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Chocolate Dipping Techniques to Create the Perfect Pralines

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If you’re just starting out to make pralines, you may not have the fancy equipment to speed up the chocolate dipping process. But no worries! In this article, we’re covering what you need to know when dipping chocolate and the 2 techniques you can master to create the perfect pralines.

3 Tips Before YOu Dip your pralines

dipping chocolate pralines

Before we get to the chocolate dipping techniques, here are some useful tips.

1. pick the right chocolate

Not all chocolates are created equal. For dipping purposes, it is best to use a type of chocolate called couverture. This type of chocolate has an excellent fluidity thanks to its high cocoa butter content, making it easier to create thin layers of chocolate for your pralines. Embassy Chocolate has a dedicated line of versatile couverture chocolate products for your needs. Check out our products here.

2. temper your chocolate

To create the perfect pralines, you will need to temper your chocolate after melting it down. This will ensure that you will get chocolate that’s easy to work with and gives you pralines with an evenly hard, shiny coating that has a satisfying “snap” when you bite into them.

3. use enough chocolate

Next, you need to make sure that you are using enough chocolate. As you dip your praline filling, you need your chocolate to have a consistent flow rate, so that they all set into a fine layer of chocolate. Otherwise, the chocolate will cool down too quickly, and you’ll need to start all over again. So, make sure to have a minimum of about 400 grams of chocolate ready.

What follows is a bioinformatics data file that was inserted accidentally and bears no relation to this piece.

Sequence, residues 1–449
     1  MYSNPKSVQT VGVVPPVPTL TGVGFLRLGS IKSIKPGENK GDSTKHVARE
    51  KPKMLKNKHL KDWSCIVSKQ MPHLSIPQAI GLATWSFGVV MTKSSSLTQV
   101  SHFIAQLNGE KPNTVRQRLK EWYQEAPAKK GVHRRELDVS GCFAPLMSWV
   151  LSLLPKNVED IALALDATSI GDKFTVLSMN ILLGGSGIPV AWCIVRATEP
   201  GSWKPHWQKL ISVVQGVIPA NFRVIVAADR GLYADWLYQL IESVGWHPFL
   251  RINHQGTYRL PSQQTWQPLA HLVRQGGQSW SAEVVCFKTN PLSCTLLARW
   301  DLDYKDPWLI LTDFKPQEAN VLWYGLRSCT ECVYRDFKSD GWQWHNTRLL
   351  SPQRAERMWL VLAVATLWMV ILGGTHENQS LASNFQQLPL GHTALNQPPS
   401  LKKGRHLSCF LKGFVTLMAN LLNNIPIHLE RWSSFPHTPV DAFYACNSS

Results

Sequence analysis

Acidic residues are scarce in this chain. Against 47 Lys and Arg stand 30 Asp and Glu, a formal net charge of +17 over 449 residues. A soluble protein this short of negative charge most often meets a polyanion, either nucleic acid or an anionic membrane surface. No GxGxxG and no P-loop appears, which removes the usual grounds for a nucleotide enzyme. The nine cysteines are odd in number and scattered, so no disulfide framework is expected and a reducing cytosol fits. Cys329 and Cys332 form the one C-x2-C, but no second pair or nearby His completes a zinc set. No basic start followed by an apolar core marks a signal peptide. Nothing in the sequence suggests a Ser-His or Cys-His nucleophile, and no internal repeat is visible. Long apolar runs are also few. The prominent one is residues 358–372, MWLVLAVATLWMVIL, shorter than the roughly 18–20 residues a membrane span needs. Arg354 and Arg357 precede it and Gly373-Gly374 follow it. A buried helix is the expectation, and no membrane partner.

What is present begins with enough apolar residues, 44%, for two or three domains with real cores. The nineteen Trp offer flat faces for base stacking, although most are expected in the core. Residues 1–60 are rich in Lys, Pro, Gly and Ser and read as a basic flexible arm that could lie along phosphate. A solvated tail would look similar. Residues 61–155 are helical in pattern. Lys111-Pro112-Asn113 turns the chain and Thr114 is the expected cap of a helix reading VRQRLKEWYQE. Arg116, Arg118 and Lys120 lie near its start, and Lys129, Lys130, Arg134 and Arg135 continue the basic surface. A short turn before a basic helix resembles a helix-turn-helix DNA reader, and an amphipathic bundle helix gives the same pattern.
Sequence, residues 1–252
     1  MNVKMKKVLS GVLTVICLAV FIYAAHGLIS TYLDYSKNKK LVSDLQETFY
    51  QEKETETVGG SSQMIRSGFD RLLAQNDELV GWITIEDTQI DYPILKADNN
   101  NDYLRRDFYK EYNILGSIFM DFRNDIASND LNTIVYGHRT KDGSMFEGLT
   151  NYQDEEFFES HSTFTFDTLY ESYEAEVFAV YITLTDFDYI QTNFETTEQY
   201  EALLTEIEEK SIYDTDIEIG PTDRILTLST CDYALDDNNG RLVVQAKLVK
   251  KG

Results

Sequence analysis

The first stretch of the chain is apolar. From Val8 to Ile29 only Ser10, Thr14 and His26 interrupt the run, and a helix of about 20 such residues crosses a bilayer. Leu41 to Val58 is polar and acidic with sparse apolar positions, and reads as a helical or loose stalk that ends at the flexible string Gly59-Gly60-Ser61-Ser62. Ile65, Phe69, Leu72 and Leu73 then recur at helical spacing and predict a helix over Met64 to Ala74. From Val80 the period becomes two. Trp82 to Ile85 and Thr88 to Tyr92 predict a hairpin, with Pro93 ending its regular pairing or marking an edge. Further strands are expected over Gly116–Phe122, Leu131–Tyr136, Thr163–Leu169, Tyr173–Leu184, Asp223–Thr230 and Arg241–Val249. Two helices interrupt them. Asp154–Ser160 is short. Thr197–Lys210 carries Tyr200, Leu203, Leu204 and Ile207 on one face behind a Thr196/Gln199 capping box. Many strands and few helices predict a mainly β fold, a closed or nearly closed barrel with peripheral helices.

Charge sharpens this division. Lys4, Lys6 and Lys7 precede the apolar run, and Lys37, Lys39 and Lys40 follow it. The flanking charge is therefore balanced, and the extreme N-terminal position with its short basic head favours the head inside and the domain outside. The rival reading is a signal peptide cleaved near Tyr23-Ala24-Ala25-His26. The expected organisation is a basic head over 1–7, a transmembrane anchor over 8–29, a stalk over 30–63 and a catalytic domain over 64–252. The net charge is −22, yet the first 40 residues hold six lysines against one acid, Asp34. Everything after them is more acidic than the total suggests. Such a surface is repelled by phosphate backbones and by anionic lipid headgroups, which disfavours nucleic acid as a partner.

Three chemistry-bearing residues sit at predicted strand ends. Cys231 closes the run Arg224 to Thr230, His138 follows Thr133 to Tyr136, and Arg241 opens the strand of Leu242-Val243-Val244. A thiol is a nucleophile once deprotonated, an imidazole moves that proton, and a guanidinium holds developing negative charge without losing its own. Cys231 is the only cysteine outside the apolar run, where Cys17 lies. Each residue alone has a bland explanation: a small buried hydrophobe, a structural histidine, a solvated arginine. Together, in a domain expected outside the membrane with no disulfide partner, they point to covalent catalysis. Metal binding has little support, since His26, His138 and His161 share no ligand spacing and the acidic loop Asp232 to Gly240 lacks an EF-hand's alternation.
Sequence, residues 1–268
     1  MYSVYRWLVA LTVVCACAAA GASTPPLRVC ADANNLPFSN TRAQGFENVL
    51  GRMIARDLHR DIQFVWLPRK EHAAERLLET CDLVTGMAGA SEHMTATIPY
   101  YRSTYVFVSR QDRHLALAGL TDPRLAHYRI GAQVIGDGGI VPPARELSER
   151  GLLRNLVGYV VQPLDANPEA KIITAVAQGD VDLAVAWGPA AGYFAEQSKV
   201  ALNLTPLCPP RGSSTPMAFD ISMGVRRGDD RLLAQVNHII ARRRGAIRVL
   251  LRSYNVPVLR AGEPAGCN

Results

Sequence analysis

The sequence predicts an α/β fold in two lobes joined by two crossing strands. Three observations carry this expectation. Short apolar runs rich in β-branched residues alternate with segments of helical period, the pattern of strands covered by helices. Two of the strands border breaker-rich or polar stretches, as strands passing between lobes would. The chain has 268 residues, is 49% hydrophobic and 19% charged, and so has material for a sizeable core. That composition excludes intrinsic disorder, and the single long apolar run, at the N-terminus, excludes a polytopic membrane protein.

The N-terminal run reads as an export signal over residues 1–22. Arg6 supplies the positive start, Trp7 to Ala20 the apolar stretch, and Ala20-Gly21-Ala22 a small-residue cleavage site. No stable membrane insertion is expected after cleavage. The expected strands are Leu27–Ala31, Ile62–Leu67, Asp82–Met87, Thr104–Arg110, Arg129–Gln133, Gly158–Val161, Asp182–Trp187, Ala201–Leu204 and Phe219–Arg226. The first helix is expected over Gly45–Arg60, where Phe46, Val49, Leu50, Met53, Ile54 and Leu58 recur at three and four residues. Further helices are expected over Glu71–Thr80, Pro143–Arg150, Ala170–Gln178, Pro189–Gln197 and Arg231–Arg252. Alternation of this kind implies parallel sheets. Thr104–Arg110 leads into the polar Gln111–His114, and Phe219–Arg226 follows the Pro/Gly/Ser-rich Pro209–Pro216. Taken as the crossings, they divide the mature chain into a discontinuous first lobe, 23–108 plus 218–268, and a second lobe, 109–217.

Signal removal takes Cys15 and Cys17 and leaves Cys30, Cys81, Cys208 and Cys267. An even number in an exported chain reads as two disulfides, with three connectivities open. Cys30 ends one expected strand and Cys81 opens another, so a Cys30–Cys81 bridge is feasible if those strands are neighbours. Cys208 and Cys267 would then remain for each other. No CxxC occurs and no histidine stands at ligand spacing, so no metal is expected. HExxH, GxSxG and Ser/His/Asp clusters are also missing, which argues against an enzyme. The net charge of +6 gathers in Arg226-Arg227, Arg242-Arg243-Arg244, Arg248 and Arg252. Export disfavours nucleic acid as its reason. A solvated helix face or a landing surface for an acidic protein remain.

Another way to prevent your chocolate from cooling too quickly is by keeping them in a melter or a heated vessel. This helps it stay at your preferred temperature for a long period of time.

2 chocolate dipping techniques you should know

dipping technique

There are 2 chocolate dipping techniques you can use. The first is the pulling technique, which creates a thin layer of chocolate. The other is the turning technique, which is a slight variation of the pulling method. This creates a thicker layer of chocolate.

Here are the tools you need for either technique:

  • A deep bowl or melter, preferably heated at the chocolate’s working temperature, to store your melted tempered chocolate
  • A tray lined with a plastic sheet, parchment paper, or Silpat
  • A clean dipping fork
  • A heat gun
  • Tissue or kitchen cloth

In both techniques, make sure to have your dipping fork clean at all times so you can easily slip the pralines onto the tray. After a few dips, heat the fork with a heat gun and clean off the chocolate sticking to the fork using tissue or kitchen cloth. Also, use gloves when dipping so the fillings are kept hygienic.

1. the pulling technique

Gently press the filling, bottom side down, into the melted chocolate until the top is level with the chocolate’s surface. Then, pull a thin layer of chocolate over the filling with the dipping fork.

Using the fork, lift the filling and then gently tap the fork against the chocolate surface repeatedly. The surface tension will pull the excess chocolate off the praline, thinning the layer of chocolate.

Clean the bottom of the fork against the edge of the bowl or melter, then release the chocolate-covered praline from the fork onto the tray. To prevent some “feet” from forming on the praline from excess chocolate, try to slide off the fork and have the praline remain on the tray.

Allow the chocolate to set at room temperature for a few minutes. Putting them in the fridge right away will cool them too quickly, creating a greyish appearance. When the chocolate is dry to the touch, put them in a refrigerator at 18-20°C for about 30 minutes to let them fully crystallize. Then finally, store them in a fridge at 16-18°C.

2. the turning technique

Gently press the filling, bottom side up, into the melted chocolate until the top is level with the chocolate’s surface.

Then, press down on one side of the filling with the fork to make it turn the bottom side down.

The rest of the process is the same as the pulling technique, from lifting the filling and then gently tapping the fork against the chocolate surface repeatedly, to storing the pralines in the fridge.

And there you have it, 2 easy chocolate dipping techniques to create the perfect pralines. For more tips on working with chocolate, head to our blog. If you’re interested in our couverture chocolate products, visit our contact page to get in touch with our consultants.

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